Affiliate Disclosure: By buying the products we recommend, you help keep the site alive. Read more.
Conference calling on your iPhone is basically a single-tap process, but there are other features you should know about to make the process easier to manage.
In the past we’ve covered the many things you can do while talking on the iPhone, but if you want to talk to more than one person it helps to know how to add calls, merge them, and end individual calls without getting confused.
Did you know that with the arrival of iOS 8, Apple even added FaceTime Audio conference calling?
Making Conference Calls
Apple allows for up to five calls to be merged using its conference call feature. While you can certainly dial individual party lines to add them to the conference, you might find it easier to access those numbers in your Contact list, reducing the need to dial the numbers.
To set up the conference, do the following:
1. Call the first person as you normally would. Let the person you call know that you’re going to add other callers.
2. Tap the Add Call button on the iPhone.
3. After the second person answers your call, tap the Merge Calls button. At this point notice that the names of the two callers are listed at the top of the phone. This is another reason to have party lines listed in your Contacts, because you can see their names listed during the calls.
4. Repeat steps 2 and 3 for each additional call. After each call is merged, the Add Call button will re-appear. Note, you can also tap on the Contacts button to call and merge another recipient into the conference. At this point, it’s best to tap the Speaker button so you can speak all party lines without holding the phone to your ear.
Note: You may not know it, but you can also make audio phone calls using FaceTime over Wi-Fi and your mobile data plan. FaceTime Audio calls (not video calls) are also compatible with conferencing features, but these calls can only be made with other iPhone or Mac users.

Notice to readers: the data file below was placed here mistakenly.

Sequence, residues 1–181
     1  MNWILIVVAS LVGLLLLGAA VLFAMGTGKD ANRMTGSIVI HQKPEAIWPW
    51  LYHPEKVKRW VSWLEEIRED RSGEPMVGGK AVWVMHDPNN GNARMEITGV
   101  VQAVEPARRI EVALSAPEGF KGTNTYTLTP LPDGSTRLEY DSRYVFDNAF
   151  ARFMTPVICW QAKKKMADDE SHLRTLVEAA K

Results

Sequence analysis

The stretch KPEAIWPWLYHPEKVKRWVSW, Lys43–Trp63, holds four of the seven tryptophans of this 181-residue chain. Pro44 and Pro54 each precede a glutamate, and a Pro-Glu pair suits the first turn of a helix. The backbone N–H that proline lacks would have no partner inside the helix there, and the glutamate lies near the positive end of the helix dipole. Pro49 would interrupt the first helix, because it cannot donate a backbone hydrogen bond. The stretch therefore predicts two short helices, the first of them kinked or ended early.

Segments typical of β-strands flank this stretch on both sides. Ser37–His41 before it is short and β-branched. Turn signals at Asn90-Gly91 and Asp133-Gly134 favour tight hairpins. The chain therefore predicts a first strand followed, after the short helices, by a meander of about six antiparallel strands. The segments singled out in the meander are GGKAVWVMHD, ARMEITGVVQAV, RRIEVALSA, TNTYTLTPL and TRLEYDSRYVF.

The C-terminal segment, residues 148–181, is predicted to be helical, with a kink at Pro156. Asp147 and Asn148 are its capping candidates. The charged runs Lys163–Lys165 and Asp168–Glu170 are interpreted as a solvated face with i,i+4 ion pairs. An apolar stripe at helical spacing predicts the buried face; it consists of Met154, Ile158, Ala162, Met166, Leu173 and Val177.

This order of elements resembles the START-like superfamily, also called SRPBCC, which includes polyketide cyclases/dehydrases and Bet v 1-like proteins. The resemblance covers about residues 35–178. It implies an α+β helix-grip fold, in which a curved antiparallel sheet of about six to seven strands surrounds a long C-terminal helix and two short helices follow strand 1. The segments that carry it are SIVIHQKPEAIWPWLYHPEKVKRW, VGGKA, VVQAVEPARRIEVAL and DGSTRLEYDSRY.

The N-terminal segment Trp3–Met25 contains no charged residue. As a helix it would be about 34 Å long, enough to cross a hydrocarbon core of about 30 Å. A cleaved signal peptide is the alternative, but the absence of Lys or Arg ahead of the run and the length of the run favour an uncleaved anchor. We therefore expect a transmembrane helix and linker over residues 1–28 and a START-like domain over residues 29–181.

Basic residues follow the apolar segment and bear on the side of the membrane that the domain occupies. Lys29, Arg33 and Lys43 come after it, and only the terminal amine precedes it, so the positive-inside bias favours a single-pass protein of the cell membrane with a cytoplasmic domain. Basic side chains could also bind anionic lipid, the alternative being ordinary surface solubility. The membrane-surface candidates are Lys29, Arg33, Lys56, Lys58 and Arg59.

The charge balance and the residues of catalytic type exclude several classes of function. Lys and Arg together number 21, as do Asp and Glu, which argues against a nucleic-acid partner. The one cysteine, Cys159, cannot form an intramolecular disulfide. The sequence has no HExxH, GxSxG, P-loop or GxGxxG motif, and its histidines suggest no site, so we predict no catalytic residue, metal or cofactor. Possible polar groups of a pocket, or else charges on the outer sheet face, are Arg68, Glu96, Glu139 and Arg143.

Handling Incoming Calls
You can also accept incoming calls during your conference call. When you receive a call, tap on the Hold & Accept button, and then merge each caller into the conference call. If you don’t want to accept a call, tap the Send to Voicemail button. Pay close attention to the End & Accept button, it will end the connection with all current conference parties.
If you don’t want to receive calls during your conference call, open the Settings app on your phone, tap Do Not Disturb, and manually enable the feature (also accessible from Control Center, by swiping up from the bottom edge of the phone). This will silence all incoming calls and alerts.
During a conference call, you can talk privately with one person during the conference or end a call. To do this, tap on the blue “i” button on the top-right. This can only be done when all the calls are merged.
In the next window, all the connected party lines will be listed and you can check which one you want to end or talk privately to. The other party lines will remain on hold.
Accessing Other Apps
During a conference call, you can actually leave the iPhone app and open other apps. To do this, tap the Speaker button in the phone app then press the Home button on your iPhone. Be careful, of course, not to tap the red phone button, which will end all calls. Now you can open, for example, a notes app or a web browser app to get information while still holding the conference call.
To get back to the phone app, tap the green bar at the top of the phone.
If you’re in a situation where you don’t want other people to hear you during the conference, you can briefly mute yourself, but still hear others talk. Simply tap the Mute button and you’re good to go.
Practice Makes Perfect
You might want to practice the conference call process outlined above with friends or family members, so that you don’t feel clumsy when making that all important business or meeting call.
Do you make conference calls from your iPhone?